ONE of the cops charged over the killing of George Floyd is intending to plead not guilty, using self defense, justifiable force and authorized use of force as defenses, according to reports.
J Alexander Kueng has been charged with aiding and abetting second degree murder and manslaughter.
Kueng, who is 26, intends to use the three defenses during his trial, court filings seen by The Daily Mail revealed.
Kueng and the three other George Floyd cops appeared in court on Monday over the shocking killing.
The court appearances came a little more than a month after Floyd, a 46-year-old Black man, died on May 25 when Minnesota cop Derek Chauvin kneeled on his neck during an arrest.
Chauvin, charged with second-degree murder and manslaughter, appeared in Minneapolis court via video, CNN reported.
The other three officers – J. Alexander Kueng, Thomas Lane, and Tou Thao – appeared in person.
The other three ex-cops are all charged with aiding and abetting second-degree murder and aiding and abetting second-degree manslaughter.
Cameras were not allowed in the court on Monday, when the former officers are set to appear midday, CNN reported.
At the hearings, Thomas Plunkett, Kueng's lawyer, filed a motion asking for the judge to reconsider allowing cameras to be used, KARE reported.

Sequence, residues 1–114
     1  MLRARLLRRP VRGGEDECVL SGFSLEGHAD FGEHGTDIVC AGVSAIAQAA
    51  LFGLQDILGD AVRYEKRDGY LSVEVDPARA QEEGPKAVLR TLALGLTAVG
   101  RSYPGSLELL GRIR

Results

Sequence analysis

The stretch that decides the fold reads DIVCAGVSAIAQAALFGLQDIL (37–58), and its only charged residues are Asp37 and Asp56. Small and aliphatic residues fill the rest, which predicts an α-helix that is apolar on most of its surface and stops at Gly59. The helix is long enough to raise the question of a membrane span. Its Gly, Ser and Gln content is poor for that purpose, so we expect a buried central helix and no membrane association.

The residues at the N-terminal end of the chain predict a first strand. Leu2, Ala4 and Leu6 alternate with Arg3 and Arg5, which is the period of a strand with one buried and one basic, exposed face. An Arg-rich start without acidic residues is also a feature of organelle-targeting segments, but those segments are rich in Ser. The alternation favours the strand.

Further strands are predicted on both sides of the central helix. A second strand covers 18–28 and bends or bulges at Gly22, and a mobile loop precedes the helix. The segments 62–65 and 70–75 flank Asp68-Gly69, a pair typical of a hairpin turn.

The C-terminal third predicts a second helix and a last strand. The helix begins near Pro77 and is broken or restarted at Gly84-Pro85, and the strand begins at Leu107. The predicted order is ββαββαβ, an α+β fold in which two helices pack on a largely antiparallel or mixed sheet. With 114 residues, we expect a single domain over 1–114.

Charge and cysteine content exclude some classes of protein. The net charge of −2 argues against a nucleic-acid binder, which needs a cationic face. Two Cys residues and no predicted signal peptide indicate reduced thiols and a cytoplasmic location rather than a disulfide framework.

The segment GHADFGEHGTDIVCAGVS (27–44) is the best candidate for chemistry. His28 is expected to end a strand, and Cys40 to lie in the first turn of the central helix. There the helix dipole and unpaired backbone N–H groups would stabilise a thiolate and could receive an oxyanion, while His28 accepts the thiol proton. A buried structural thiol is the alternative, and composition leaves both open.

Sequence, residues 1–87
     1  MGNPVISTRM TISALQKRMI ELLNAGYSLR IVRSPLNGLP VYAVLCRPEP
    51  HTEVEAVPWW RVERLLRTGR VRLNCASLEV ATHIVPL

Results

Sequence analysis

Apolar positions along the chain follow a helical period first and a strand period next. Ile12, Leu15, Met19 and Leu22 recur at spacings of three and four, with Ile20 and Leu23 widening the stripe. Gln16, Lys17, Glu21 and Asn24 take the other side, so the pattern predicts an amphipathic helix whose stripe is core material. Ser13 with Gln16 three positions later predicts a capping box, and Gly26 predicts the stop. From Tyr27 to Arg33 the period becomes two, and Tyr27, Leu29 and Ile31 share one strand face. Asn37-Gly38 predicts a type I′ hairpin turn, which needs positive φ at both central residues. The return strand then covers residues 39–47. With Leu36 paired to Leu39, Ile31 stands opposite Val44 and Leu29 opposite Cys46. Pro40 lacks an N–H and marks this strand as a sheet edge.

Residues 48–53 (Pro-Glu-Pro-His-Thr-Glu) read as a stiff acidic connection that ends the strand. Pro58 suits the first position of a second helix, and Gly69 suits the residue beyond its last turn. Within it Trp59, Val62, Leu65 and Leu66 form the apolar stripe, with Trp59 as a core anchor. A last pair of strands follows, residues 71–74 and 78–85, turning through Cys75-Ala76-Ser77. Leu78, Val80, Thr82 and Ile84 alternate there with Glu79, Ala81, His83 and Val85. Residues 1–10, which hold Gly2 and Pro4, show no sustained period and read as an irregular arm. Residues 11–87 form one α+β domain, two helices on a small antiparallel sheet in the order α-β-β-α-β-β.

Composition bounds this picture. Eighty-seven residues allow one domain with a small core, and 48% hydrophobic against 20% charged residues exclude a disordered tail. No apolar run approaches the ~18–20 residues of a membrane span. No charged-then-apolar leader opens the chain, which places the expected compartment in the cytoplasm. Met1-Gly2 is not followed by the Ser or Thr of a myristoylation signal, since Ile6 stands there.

A motion said: "Cameras are essential so that the public can see the impact of the state's statements on the proceedings and to insure confidence in the results."
"This case is a very important case for the State of Minnesota and the rest of the country. The impact of this case has been felt worldwide," the motion continued.
Prosecutors, however, have said they are opposed to the use of cameras being used in court preconviction, KARE reported.
"I believe cameras in the courtroom will create more problems than it will solve," Attorney General Keith Ellison said in a statement.
He added that cameras "could alter the way lawyers present evidence" and that they "may be intimidating to witnesses and impair their ability and willingness to testify."
Judge Peter Cahill set the next hearing for September 11, CNN reported.
Trials are aimed to begin March 8, 2021.
Kneung and Lane both posted $750,000 bail, and were released from jail.
Lane was released from prison on June 10, and Kueng was released on June 19.
Jail records still showed Thao and Chauvin were in jail as of Monday.
All four officers face a sentence of up to 50 years in prison.
Chauvin was reportedly in talks to plead guilty before his arrest.
Public outrage was sparked following Floyd's death.
Video showed Chauvin kneeling on Floyd's neck for nearly nine minutes.
Floyd could be heard saying "I can't breathe" multiple times – but the cop did not move his knee.
Lane's lawyer has insisted that the ex-cop is innocent and body camera footage will clear him of the charges.
Demonstrators across the nation have shown support for the Black Lives Matter movement, as they call for an end to systemic racism and police brutality.
Many demonstrators have called for defunding of the cops.
Protestors have favored funding being taken away from police, and putting the money into more community-based programs.
Minneapolis City Council already voted unanimously to disband the city's police department.
Several other cities across the nation have voted to make cuts to police budgets.
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